The Other Einstein by Marie Benedict
This novel resurrects Einstein's wife, a brilliant physicist in her own right, whose contribution to the special theory of relativity is hotly debated. Was she simply Einstein's sounding board, an assistant performing complex mathematical equations? Or did she contribute something more?
Mitza Maric has always been a little different from other girls. Most twenty-year-olds are wives by now, not studying physics at an elite Zurich university with only male students trying to outdo her clever calculations. But Mitza is smart enough to know that, for her, math is an easier path than marriage. Then fellow student Albert Einstein takes an interest in her, and the world turns sideways. Theirs becomes a partnership of the mind and of the heart, but there might not be room for more than one genius in a marriage.
Marie Benedict illuminates one pioneering woman in STEM, returning her to the forefront of history's most famous scientists.
Nothing Daunted: The Unexpected Education of Two Society Girls in the West by Dorothy Wickenden
In the summer of 1916, Dorothy Woodruff and Rosamond Underwood, bored by society luncheons, charity work, and the effete men who courted them, left their families in Auburn, New York,
to teach school in the wilds of northwestern Colorado. They lived with a family of homesteaders in the Elkhead Mountains and rode to school on horseback, often in blinding blizzards. Their students
walked or skied, in tattered clothes and shoes tied together with string. The young cattle rancher who had lured them west, Ferry Carpenter, had promised them the adventure of a lifetime. He hadn’t
let on that they would be considered dazzling prospective brides for the locals.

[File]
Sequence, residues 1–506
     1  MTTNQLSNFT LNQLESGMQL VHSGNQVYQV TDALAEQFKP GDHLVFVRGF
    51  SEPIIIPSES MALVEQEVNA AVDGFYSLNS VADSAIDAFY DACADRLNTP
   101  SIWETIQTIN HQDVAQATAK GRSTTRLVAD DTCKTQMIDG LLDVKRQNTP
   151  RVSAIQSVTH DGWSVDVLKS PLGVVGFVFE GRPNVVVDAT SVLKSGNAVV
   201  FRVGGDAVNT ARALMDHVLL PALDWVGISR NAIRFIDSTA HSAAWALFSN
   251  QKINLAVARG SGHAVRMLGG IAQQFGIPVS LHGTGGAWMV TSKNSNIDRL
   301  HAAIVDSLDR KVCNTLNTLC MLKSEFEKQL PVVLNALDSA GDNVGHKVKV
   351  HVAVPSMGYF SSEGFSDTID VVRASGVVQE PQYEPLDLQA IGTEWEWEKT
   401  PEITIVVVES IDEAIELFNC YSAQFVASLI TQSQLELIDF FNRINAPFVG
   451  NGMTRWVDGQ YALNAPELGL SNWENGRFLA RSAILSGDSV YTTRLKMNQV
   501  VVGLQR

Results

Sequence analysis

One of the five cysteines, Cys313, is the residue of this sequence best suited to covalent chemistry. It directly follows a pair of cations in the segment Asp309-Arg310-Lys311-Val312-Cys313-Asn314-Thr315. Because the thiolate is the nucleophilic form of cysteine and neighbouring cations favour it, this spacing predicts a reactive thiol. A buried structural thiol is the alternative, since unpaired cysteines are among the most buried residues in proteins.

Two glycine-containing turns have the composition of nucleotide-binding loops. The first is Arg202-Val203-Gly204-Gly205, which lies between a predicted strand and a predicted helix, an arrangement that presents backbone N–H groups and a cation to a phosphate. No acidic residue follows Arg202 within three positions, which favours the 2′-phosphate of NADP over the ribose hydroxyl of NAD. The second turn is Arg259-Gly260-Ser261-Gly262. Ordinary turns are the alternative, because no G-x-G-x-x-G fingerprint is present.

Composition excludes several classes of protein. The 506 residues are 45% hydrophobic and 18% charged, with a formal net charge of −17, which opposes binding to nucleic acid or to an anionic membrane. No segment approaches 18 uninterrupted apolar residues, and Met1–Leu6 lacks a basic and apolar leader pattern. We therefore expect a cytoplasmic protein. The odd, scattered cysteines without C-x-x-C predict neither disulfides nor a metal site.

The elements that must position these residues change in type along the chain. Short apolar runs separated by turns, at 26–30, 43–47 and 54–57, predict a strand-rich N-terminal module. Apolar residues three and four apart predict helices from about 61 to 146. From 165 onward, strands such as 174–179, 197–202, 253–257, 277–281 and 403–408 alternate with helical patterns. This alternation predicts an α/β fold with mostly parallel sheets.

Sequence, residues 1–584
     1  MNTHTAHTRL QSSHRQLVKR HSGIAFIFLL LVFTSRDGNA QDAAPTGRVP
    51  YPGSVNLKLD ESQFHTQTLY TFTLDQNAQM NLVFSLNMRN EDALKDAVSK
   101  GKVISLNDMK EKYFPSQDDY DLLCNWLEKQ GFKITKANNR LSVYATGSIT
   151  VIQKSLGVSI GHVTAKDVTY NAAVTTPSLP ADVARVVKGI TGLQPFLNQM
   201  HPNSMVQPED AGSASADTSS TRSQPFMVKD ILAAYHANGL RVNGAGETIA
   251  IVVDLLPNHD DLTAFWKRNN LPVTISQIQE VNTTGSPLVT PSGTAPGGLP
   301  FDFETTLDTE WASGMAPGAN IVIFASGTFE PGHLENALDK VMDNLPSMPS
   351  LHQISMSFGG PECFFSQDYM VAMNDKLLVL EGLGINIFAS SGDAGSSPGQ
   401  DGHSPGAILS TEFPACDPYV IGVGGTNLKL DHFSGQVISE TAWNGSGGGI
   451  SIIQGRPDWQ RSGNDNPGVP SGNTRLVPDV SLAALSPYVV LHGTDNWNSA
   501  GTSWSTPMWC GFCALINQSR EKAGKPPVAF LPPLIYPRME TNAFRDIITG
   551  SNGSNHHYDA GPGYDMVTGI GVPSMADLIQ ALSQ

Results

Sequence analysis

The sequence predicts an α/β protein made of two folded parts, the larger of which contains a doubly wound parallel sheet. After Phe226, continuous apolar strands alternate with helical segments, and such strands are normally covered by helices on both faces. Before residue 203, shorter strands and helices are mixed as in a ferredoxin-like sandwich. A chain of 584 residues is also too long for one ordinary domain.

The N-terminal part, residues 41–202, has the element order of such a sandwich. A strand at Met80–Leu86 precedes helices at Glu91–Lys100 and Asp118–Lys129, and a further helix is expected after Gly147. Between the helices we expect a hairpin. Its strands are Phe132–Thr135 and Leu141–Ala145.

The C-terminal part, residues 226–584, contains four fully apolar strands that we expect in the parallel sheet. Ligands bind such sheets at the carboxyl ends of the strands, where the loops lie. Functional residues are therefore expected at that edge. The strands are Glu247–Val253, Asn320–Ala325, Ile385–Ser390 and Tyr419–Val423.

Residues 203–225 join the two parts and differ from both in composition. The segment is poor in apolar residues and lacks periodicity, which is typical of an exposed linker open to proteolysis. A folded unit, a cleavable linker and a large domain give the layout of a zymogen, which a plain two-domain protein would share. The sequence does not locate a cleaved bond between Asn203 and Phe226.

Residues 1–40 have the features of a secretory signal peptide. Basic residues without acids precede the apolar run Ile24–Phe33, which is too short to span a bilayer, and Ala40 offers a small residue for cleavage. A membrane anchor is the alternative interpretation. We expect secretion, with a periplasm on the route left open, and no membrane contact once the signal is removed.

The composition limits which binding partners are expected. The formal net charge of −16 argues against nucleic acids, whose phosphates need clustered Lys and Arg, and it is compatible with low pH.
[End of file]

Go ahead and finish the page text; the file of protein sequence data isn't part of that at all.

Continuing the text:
Nearly a hundred years later, Dorothy Wickenden, the granddaughter of Dorothy Woodruff, found the teachers’ buoyant letters home, which captured the voices of the pioneer women, the children, and other unforgettable people the women got to know. In reconstructing their journey, Wickenden has created an exhilarating saga about two intrepid women and the “settling up” of the West.
Everything I Never Told You by Celeste Ng
“Lydia is dead. But they don’t know this yet.” So begins this exquisite novel about a Chinese American family living in 1970s small-town Ohio. Lydia is the favorite child of Marilyn and James Lee, and her parents are determined that she will fulfill the dreams they were unable to pursue. But when Lydia’s body is found in the local lake, the delicate balancing act that has been keeping the Lee family together is destroyed, tumbling them into chaos. A profoundly moving story of family, secrets, and longing, Everything I Never Told You is both a gripping page-turner and a sensitive family portrait, uncovering the ways in which mothers and daughters, fathers and sons, and husbands and wives struggle, all their lives, to understand one another.
Unsheltered by Barbara Kingsolver
How could two hardworking people do everything right in life, a woman asks, and end up destitute? Willa Knox and her husband followed all the rules as responsible parents and professionals, and have nothing to show for it but debts and an inherited brick house that is falling apart. The magazine where Willa worked has folded; the college where her husband had tenure has closed. Their dubious shelter is also the only option for a disabled father-in-law and an exasperating, free-spirited daughter. When the family’s one success story, an Ivy-educated son, is uprooted by tragedy he seems likely to join them, with dark complications of his own.
In another time, a troubled husband and public servant asks, How can a man tell the truth, and be reviled for it? A science teacher with a passion for honest investigation, Thatcher Greenwood finds himself under siege: his employer forbids him to speak of the exciting work just published by Charles Darwin. His young bride and social-climbing mother-in-law bristle at the risk of scandal, and dismiss his worries that their elegant house is unsound. In a village ostensibly founded as a benevolent Utopia, Thatcher wants only to honor his duties, but his friendships with a woman scientist and a renegade newspaper editor threaten to draw him into a vendetta with the town’s powerful men.